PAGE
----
Baby and You

Our dietary experts are on hand to provide help and guidance on a wide range of dietary issues

I don’t achieve 5-A-Day – do I need vitamin supplements?

It isn’t only vitamins that your diet may be lacking if you aren’t achieving your 5-A-Day. Fruit and vegetables provide other important antioxidants along with fibre which is important for gut function.

You probably won’t come to any harm if you decide to take an over the counter multivitamin, although it may be an unnecessary cost. It’s also important to be aware that with some supplements brought over the internet, there can also be risks involved with the quality, quantity (dose provided) and any potential interactions that the supplements may have with other medications.

However, from time to time, some people do need additional vitamin supplements which their diets cannot provide, but it’s important that you talk to your health care provider who can inform you exactly when these are. For example, all women thinking of having a baby should take a 400 micrograms (mcg) folic acid supplement every day, as should any pregnant woman up to week 12 of her pregnancy. Folic acid can help to prevent neural tube defects, such as spina bifida.

In the meantime, try to up your intake of 5-A-Day and remember, a portion is only 80g which you can quite easily get from half a large apple!

Q1: Anna Daniels
Anna Daniels RD combines her knowledge of food science with dietetics with the goal in assisting the nation to eat healthier meals.

I’m eating less meat, how can I get the protein I need?

A Many people worry that cutting down on meat and following a more plant-based diet means that they won’t be fulfilling their body’s protein requirements – which is needed for growth and repair and maintenance of good health.

Be reassured that if you’re eating a mixture of different plant foods, you can get all the amino acids (protein building blocks) your body needs from non-meat sources. This has been credited by the government’s new dietary recommendations, the Eatwell Guide, which recommends plant-based proteins over animal proteins for both the nation’s health and a more sustainable planet.

Plant sources of protein are not only nutritious but also tasty, filling and inexpensive. Choose a range of beans, lentils, chickpeas, nuts and nut butters (e.g. peanut butter), soya and soya products (e.g. tofu), quinoa, hemp and seeds and grains (e.g. wholegrain cereals, pasta and bread) to help ensure your diet is balanced. Eggs, milk and dairy products are also good sources if you’re eating them.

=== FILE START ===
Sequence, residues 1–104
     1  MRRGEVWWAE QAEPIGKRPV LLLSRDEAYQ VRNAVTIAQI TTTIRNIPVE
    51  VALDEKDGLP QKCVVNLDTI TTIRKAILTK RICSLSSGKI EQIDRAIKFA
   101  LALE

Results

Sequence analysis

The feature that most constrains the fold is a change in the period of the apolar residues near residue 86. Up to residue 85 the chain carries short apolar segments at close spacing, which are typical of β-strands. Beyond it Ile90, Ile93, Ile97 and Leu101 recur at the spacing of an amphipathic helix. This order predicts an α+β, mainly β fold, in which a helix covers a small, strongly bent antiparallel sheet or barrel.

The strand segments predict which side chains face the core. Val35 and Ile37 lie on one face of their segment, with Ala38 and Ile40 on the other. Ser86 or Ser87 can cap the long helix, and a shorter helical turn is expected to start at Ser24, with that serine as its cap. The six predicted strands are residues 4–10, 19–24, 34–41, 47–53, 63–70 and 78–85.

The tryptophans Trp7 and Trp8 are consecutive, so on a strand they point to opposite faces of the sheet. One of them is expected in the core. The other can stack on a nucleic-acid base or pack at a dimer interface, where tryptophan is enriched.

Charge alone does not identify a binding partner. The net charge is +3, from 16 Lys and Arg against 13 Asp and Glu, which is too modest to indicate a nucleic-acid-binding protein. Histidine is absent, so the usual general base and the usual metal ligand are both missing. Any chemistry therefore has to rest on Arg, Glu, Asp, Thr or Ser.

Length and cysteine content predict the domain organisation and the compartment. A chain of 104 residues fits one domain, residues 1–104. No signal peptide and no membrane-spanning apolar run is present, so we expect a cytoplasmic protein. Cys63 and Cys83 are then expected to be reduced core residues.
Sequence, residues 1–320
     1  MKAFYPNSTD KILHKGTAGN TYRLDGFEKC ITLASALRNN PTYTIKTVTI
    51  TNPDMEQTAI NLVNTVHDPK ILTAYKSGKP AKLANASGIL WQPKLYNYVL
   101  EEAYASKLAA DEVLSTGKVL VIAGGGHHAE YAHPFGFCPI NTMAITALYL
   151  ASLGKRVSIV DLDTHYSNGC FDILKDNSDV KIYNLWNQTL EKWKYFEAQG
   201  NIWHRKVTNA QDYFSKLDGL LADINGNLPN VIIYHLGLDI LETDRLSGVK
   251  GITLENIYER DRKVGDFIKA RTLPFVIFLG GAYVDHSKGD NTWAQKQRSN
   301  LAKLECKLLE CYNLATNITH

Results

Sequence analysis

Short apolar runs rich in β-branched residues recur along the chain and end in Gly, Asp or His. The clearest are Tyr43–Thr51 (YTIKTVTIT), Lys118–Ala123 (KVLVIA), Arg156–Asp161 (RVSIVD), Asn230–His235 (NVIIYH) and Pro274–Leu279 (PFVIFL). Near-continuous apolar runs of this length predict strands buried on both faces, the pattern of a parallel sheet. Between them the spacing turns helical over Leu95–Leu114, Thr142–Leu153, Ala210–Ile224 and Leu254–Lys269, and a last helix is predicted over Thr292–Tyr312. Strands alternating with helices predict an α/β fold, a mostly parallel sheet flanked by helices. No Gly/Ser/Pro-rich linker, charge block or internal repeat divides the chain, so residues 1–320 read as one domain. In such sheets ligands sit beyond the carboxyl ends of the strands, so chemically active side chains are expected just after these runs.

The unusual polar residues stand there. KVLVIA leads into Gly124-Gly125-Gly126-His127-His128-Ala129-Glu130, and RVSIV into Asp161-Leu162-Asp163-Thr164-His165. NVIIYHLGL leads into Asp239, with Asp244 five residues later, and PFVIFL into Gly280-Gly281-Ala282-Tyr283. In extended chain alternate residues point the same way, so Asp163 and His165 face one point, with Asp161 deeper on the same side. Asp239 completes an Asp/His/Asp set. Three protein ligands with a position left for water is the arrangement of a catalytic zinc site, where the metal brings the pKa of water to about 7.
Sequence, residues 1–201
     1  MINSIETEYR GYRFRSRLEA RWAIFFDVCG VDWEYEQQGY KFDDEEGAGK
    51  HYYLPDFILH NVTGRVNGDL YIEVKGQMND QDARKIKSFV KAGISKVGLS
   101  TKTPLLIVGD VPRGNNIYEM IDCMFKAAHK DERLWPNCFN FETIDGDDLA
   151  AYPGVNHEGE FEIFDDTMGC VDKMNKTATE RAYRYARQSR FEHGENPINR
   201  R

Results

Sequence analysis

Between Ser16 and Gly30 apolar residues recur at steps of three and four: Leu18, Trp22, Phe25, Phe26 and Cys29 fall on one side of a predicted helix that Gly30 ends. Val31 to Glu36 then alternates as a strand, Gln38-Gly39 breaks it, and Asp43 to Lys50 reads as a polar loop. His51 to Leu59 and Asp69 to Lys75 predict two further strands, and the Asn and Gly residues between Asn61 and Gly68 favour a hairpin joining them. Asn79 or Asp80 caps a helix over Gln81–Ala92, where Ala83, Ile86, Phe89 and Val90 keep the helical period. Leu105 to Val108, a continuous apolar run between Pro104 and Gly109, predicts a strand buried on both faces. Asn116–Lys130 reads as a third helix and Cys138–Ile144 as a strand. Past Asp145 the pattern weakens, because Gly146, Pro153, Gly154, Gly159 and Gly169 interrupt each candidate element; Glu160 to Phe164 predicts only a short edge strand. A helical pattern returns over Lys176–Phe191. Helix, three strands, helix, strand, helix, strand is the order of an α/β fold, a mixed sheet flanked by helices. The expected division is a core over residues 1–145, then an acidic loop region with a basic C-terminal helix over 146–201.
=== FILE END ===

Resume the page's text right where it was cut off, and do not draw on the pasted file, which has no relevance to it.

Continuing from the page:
Meat substitutes, such as vegetarian and vegan burgers and sausages, can be useful for topping up your protein intakes and for adapting to eating less meat. As with many processed foods, these can often be high in salt and saturated fat, so compare nutrition labels when shopping and eat only in moderation.

Q2: Helen Bond
Helen Bond RD has 20 years’ experience working in the NHS, in PR, within the media and across the food and pharmaceutical industries.

Q What are empty calories?

A Foods high in fat, sugar and alcohol, such as chocolate, crisps, chips and fizzy and alcoholic drinks are often said to provide ‘empty calories’. This term is misleading! Calories are units of energy and these so called ‘empty calorie foods’ are high in energy (calories). These same foods however, are also poor in vitamins, minerals and healthy fats. Too much sugar, fat and alcohol in the diet is associated with increased health risks such as weight gain, heart disease, stroke, some cancers, Type 2 diabetes and tooth decay.

For a healthy body, aim to eat more nutrient-rich foods such as fruit and vegetables, whole grains, lean protein, nuts and beans.

Most people could benefit from eating fewer ‘empty calorie’ foods, but it’s not necessary to demonise or totally ban these foods because we eat and drink for pleasure and cultural reasons, not just for nutrition. Enjoying your food, being active and including nutritious foods is as important as considering the quantities of ‘empty calorie’ foods.

Q3: Jade Clark
Jade Clark RD has a specialist interest in public health, diabetes, workplace health and behaviour change. 

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